This still had no impact on overcrowding in the slums. Larger families wanting to move out of the back to backs would be faced with rents ranging up to 12/6 a week for a three bedroom parlour house on top of the high travel costs to the suburban estates.
Dr Jervis had been leading the campaign to clear Leeds slum back-to-backs valiantly and sometimes single-handedly for a decade and he became convinced that only a complete change of housing policy would solve the problem. “For all the thousands of new houses erected the slum population has not diminished by so much as one family” he concluded (MoH 1930).
The 1930 Housing & Slum Clearance (Greenwood) Act gave national recognition to the slum problem and the failure of the previous waves of social house building to make any impact on it. It brought in the first rent rebates and signalled the end of subsidised general needs housing and the launch of the welfare safety net for subsidised tenants.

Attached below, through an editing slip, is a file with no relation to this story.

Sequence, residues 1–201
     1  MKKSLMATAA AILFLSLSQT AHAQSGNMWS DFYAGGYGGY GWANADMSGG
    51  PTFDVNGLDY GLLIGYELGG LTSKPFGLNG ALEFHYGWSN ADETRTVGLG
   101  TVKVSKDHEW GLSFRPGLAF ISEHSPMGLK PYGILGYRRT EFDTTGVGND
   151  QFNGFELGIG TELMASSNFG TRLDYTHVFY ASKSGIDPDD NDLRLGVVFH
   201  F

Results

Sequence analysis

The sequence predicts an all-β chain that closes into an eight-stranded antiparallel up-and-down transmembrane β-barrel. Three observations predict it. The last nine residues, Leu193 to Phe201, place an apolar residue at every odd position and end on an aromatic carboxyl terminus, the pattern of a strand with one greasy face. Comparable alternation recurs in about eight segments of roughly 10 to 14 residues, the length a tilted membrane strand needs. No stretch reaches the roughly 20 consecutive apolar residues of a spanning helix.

This reversal of previous housing policies found its echo in Leeds when the Improvements Committee published a report into future house building, stating: “It is neither fair nor desirable that a portion of the population other than dispossessed slum dwellers should be housed by a perpetual subsidy” (LCC November 1932).
Guidelines from the Ministry of Health in May 1933 spelt out the total switch to welfare housing when they stipulated that tenants who could afford it should be charged higher rents and encouraged to move out and buy their own houses (Jenkinson 1934).
Differential rents could be charged for all council houses built under the Wheatley and Greenwood Acts. This was to be extended in 1935 to include the first council houses built under the Addison Act.